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TITLE
Sketch of Craig Patrick
EXTERNAL ID
QZP40_103_P001
PLACENAME
Craig Phadrig
DISTRICT
Inverness
OLD COUNTY/PARISH
INVERNESS: Inverness and Bona
DATE OF IMAGE
1777
PERIOD
1770s
CREATOR
'Mr Watt, Engineer'
SOURCE
Highland Libraries
ASSET ID
30891
KEYWORDS
forts
strongholds
Craig Phadraig
Picts
hills
plans
zoomable

Craig Phadrig or Craig Phadraig, shown here as 'Craig Patrick' is a vitrified fort on a hilltop near Inverness. Vitrification occurs when a structure is burned so fiercely that the stones fuse together.

The fort dates from the 5th or 4th century BC but archaeological evidence shows that it was reoccupied during the time of the Picts in the 6th century AD. Craig Phadrig became a major Pictish stronghold and was reputed to have been the stronghold of the Pictish King Brude when he met St Columba and was converted to Christianity.

The fort is thought to have been destroyed by fire in the 8th century.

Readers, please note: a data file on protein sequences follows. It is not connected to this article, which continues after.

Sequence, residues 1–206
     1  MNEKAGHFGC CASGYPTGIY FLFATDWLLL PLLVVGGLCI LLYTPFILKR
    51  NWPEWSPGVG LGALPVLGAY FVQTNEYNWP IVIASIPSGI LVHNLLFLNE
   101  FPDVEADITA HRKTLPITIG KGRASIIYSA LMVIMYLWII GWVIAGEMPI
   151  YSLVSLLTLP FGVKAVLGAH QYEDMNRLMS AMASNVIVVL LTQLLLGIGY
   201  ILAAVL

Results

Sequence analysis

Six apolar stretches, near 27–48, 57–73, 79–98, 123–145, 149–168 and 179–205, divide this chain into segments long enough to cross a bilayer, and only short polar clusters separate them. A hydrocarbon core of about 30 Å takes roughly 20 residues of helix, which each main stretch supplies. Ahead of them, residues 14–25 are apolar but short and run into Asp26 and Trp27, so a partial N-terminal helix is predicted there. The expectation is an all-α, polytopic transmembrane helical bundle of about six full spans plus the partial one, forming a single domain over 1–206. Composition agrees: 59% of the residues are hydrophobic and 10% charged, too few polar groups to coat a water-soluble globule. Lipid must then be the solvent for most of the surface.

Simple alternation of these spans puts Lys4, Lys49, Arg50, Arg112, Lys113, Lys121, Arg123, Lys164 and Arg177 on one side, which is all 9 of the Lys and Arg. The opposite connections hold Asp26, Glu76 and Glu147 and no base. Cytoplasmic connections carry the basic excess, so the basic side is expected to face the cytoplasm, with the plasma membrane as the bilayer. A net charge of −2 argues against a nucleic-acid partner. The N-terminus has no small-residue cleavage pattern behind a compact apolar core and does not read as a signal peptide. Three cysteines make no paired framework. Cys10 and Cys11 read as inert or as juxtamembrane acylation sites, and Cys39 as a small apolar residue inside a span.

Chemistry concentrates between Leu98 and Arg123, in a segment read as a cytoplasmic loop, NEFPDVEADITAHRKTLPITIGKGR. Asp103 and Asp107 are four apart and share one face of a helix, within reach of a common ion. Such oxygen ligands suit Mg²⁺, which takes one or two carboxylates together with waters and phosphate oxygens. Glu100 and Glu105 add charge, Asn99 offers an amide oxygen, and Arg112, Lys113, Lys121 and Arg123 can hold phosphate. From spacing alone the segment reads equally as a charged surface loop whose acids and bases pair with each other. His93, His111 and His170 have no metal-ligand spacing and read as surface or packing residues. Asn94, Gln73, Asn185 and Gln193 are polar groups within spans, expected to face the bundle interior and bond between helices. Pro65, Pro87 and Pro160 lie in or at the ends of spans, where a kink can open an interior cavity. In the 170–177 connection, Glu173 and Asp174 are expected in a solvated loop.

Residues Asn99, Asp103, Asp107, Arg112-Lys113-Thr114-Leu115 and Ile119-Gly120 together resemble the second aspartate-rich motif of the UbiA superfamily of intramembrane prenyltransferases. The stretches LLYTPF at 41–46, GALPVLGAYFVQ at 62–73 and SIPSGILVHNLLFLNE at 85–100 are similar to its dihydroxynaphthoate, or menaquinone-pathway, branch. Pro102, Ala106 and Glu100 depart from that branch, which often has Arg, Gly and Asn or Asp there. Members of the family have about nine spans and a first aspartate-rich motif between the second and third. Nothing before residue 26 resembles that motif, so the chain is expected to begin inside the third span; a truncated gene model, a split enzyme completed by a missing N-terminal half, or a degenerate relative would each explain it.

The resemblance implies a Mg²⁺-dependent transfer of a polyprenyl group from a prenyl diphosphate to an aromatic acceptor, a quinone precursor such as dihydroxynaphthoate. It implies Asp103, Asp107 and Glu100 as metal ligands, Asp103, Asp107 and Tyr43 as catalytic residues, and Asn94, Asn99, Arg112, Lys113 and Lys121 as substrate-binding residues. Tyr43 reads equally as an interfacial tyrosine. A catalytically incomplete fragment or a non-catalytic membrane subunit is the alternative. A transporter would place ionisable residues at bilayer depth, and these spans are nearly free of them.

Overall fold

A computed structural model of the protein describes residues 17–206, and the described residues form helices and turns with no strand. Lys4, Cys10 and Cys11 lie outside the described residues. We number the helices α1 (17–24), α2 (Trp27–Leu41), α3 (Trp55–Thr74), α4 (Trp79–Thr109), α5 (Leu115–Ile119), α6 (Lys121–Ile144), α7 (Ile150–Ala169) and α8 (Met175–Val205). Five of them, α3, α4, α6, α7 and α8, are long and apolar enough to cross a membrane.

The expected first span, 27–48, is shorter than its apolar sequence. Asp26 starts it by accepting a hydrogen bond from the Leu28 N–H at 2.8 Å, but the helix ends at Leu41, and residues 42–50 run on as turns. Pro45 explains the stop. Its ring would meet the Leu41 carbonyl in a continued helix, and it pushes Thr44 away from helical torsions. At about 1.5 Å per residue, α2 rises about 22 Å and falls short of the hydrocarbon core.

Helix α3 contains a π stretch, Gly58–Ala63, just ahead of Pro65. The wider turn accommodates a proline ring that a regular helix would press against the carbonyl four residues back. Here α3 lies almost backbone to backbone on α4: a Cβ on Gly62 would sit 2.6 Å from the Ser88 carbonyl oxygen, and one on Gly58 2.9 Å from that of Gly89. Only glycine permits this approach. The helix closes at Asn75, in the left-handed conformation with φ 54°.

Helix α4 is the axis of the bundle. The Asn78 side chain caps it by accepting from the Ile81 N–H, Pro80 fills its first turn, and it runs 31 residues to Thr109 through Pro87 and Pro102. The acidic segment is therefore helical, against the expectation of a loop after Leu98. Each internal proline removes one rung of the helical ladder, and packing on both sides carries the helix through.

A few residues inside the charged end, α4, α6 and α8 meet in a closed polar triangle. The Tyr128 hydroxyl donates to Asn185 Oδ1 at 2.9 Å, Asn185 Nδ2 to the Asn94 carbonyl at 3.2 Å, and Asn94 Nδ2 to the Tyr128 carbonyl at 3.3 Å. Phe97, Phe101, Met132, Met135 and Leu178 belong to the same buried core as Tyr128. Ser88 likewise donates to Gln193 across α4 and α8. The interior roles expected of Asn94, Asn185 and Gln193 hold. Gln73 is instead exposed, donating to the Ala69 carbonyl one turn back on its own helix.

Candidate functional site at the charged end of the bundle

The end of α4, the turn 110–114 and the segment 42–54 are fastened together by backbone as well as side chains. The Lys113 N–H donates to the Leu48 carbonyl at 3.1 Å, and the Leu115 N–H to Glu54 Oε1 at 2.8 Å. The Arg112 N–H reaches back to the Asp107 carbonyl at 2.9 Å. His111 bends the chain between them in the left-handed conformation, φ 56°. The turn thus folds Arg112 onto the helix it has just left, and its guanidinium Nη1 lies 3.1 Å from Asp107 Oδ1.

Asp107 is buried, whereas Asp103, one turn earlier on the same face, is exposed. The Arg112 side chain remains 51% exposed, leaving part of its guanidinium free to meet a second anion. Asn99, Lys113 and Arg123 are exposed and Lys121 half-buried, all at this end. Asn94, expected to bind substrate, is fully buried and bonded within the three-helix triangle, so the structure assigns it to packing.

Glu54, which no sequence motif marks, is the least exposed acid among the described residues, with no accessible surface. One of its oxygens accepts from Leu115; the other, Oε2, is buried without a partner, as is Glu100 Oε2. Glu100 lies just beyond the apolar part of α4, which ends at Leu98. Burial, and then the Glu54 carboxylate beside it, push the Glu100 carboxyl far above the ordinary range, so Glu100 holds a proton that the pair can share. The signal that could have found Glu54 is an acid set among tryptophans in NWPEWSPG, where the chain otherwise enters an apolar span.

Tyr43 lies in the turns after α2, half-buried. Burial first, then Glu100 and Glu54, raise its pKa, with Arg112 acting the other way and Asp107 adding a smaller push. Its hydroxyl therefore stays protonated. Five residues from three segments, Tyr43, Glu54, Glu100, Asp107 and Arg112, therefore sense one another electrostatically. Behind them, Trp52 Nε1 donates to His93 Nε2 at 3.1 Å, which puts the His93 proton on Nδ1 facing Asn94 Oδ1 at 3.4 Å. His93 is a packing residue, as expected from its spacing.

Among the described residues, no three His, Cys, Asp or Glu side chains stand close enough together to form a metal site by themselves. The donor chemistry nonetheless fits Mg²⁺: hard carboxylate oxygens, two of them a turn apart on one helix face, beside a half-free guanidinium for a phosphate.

This plan was taken from 'An Account of some Remarkable Ancient Ruins, Lately discovered in the Highlands, and Northern Parts of Scotland', by John Williams (1777)

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Sketch of Craig Patrick

INVERNESS: Inverness and Bona

1770s

forts; strongholds; Craig Phadraig; Picts; hills; plans; zoomable

Highland Libraries

Fraser Mackintosh Collection (maps)

Craig Phadrig or Craig Phadraig, shown here as 'Craig Patrick' is a vitrified fort on a hilltop near Inverness. Vitrification occurs when a structure is burned so fiercely that the stones fuse together. <br /> <br /> The fort dates from the 5th or 4th century BC but archaeological evidence shows that it was reoccupied during the time of the Picts in the 6th century AD. Craig Phadrig became a major Pictish stronghold and was reputed to have been the stronghold of the Pictish King Brude when he met St Columba and was converted to Christianity. <br /> <br /> The fort is thought to have been destroyed by fire in the 8th century.<br /> <br /> This plan was taken from 'An Account of some Remarkable Ancient Ruins, Lately discovered in the Highlands, and Northern Parts of Scotland', by John Williams (1777)